I don't know what to write. It's simply a masterpiece. This book contains a paragraph -- and resulting mental image -- that I will never, ever forget, and which makes me laugh every, single time I think of it. In fact, when I first read the paragraph in question, it almost killed me. I was ill, I had a terrible cough, I started laughing uncontrollably, then coughing uncontrollably, but I couldn't stop laughing, or coughing, which resulted in me running out of breath. I won't tell you what the pa ...more
Hasso von Moltke
Sep 27, 2016 rated it really liked it  ·  review of another edition
Shelves: vidal
While not my favorite of Vidal's works Golgotha is certainly entertaining. It is a relatively short working focusing on Saint Timothy being chosen to anchor a live filming of Golgotha for NBC and record his version of the Gospels in response to all other versions being corrupted by a hacker.

As one might guess the plot is a bit convoluted and chaotic but still enjoyably sacrilegious. It delves into the confusion and infighting of the early church as they try to solidify "Jesus'" message, as well
Dec 06, 2011 rated it liked it  ·  review of another edition
Gore Vidal is a very clever and intelligent man, and his novel is also clever and intelligent. However, I think Vidal is a bit too clever for his own good this time. This short novel is packed so tightly with satire, blasphemy, insanity, and mind-bending time-travel physics that it's all a bit too much to take in. It's a funny idea about how NBC executives of the future time-travel to a few weeks before the crucifixion of Jesus to set up a new gospel to be written by a commoner and to film the a ...more
Dec 29, 2014 rated it really liked it  ·  review of another edition
Shelves: reviews
a meta' tra fantascienza e libello anticristiano (antipaolino in particolare: Paolo di Tarso e` la vittima prediletta di Vidal, che lo ha - a mio avviso giustamente - ridicolizzato anche altrove, V. anche il suo "Giuliano"). Irriverente, scanzonato, divertente, a tratti molto volgare, il libro gioca sulla linea dell'assurdo, ma coglie nel segno - a mio avviso - nell'individuare in Paolo di Tarso l'artefice del passaggio del cristianesimo da un messaggio inteso per il solo popolo ebraico (in cont ...more
Pierre A Renaud
Aug 03, 2012 marked it as to-read  ·  review of another edition
Recommended to Pierre A by: MadgeUK
"What would Jesus do? "select all" then "delete" ("The book is first and foremost a lampoon of Christianity, more specifically, the early years of the church. St. Timothy is a first hand observer [of] St. Paul's effort to expand the market for Christianity. Other Vidal books have documented his cynicism of Christianity and the religious right, but "Live from Golgotha" clearly sets out to satire Christianity from its source: St. Paul. (...)")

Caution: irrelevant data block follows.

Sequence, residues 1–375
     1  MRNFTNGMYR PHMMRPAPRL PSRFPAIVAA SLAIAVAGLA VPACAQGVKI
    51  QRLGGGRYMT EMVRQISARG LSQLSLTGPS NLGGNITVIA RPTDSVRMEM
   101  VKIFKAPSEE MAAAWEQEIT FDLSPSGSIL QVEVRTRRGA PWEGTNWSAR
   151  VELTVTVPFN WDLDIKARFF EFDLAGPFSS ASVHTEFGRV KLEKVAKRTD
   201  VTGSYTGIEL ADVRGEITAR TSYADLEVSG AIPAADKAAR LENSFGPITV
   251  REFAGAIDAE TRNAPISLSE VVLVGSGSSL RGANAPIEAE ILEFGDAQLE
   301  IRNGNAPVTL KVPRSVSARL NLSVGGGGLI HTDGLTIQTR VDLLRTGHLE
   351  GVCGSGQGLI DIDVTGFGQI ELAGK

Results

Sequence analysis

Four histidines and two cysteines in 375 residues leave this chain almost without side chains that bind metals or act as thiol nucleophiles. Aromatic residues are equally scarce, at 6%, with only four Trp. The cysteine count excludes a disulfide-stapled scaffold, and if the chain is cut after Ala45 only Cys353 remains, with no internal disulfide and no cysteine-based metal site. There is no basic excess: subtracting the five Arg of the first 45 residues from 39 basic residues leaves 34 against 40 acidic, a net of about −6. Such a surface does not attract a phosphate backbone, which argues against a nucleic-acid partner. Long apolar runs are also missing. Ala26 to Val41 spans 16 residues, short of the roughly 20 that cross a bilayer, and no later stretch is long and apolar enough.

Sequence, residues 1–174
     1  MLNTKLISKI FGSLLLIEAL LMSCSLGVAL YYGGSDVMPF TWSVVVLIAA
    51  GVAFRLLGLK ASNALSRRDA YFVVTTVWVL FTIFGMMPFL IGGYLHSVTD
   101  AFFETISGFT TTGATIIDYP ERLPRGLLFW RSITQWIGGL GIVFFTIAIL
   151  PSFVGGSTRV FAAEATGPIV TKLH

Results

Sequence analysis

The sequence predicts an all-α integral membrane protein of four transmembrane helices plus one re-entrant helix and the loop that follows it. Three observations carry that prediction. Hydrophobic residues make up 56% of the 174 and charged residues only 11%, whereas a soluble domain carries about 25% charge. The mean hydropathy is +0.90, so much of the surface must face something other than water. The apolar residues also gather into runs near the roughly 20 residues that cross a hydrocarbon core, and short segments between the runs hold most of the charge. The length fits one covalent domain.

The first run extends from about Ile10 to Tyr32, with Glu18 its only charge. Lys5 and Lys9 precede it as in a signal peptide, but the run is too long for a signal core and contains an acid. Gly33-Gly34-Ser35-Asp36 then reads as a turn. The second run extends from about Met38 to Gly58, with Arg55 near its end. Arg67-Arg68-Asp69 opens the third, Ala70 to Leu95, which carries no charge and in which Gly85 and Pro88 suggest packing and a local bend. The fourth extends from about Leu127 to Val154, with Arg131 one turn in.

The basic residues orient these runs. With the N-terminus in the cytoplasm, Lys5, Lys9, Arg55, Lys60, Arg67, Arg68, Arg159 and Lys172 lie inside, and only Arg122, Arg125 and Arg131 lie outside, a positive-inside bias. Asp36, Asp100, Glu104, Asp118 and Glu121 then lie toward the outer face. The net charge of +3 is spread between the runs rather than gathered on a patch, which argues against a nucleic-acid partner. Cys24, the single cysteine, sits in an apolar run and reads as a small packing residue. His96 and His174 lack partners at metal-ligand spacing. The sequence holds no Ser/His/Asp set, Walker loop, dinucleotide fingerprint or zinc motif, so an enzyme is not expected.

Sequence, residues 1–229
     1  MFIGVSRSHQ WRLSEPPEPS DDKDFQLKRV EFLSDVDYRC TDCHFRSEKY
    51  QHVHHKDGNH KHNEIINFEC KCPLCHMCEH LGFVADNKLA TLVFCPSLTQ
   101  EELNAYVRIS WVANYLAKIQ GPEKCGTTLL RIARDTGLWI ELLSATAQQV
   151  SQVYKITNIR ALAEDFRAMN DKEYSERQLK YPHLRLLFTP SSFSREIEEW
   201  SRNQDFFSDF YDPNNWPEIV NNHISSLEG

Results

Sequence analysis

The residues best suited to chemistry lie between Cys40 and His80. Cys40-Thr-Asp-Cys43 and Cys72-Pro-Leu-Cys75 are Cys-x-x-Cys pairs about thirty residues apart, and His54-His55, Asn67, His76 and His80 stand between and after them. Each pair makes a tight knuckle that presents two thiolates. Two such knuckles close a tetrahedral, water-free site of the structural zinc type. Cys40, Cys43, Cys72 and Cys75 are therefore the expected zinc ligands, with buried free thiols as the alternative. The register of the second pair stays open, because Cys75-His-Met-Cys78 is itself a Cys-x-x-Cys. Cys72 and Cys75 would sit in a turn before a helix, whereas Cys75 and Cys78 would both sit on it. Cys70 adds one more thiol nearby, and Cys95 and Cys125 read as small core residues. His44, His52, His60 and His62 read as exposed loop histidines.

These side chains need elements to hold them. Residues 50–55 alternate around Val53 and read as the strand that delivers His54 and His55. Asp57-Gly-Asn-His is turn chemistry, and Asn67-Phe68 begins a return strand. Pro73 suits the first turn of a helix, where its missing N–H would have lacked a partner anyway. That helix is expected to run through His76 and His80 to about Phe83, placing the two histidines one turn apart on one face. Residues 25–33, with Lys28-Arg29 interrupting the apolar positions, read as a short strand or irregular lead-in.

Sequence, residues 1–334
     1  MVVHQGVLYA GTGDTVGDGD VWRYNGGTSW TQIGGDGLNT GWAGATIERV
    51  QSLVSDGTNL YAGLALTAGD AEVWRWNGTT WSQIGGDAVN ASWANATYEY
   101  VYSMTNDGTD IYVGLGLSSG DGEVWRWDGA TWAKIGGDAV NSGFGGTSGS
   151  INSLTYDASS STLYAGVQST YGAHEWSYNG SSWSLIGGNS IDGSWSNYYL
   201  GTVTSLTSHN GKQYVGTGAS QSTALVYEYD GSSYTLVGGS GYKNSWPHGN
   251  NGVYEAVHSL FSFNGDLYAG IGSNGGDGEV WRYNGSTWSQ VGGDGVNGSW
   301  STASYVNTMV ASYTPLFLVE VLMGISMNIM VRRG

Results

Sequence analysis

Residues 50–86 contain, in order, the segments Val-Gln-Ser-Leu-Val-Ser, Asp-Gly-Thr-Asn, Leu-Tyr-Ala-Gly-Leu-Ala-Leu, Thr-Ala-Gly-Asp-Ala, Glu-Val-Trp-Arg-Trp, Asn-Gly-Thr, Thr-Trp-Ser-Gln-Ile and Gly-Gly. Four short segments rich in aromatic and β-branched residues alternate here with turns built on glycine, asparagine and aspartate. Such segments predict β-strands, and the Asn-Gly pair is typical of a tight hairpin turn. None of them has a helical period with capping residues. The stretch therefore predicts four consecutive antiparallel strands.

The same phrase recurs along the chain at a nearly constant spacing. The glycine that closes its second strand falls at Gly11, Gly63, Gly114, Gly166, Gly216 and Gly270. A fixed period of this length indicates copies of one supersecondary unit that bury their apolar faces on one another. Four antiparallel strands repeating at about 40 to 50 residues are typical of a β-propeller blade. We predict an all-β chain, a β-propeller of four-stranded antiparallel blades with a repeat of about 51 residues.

Aug 12, 2012 rated it it was amazing  ·  review of another edition
Както знаете Голгота е хълмът, на който е разпнат Исус Христос. Но този акт явно е бил видян от много хора и от много различни ъгли. Гор Видал използва своето въображение, тънък хумор и безкомпромисна критична ръка за да пренапише библейската история, видяна през погледа на св. Томофей Ефески. Тимофей, заедно със св. Павел, започват да преследват дошъл от бъдещето мистериозен хакер, който има наглостта да трие християнските исторически следи и доказателства. Или накратко - това е Евангелието нап ...more
Morris Nelms
It reminded me of the quote "This isn't writing, it's typing."
Vidal is clearly enjoying himself, and that's the only thing that kept me reading.
It wasn't convincing, and when I read it I was not a believer. I was not shocked at the blasphemous content, though I got the feeling Vidal wanted me to be. I had high hopes for this book after Creation, but I think he put a lot more effort into Creation than this one.
Sep 15, 2011 rated it really liked it  ·  review of another edition
Sacrilegious, punk, scathing, sharp, but ultimately forgettable, and pointless. The perfect book to read on the beach in the summer or when you really want to piss off a Catholic on your Goodreads list.

No, that's not totally fair. Parts of the story are rather clever and memorable. The polished obsidian stone, for example.
Jul 04, 2010 rated it liked it  ·  review of another edition
I spent most of this book thinking it was interesting, but not very sure of it otherwise. It pulled together at the very end, though, so I think that ultimately, I liked it more than I was ambivalent. I do wonder, however, if I would have gotten more out of it had I been older in the early 90s when it was written as there seemed to be references, etc, that I wasn't entirely sure about.
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Eugene Luther Gore Vidal was an American writer known for his essays, novels, screenplays, and Broadway plays. He was also known for his patrician manner, Transatlantic accent, and witty aphorisms. Vidal came from a distinguished political lineage; his grandfather was the senator Thomas Gore, and he later became a relation (through marriage) to Jacqueline Kennedy.

Vidal ran for political office twi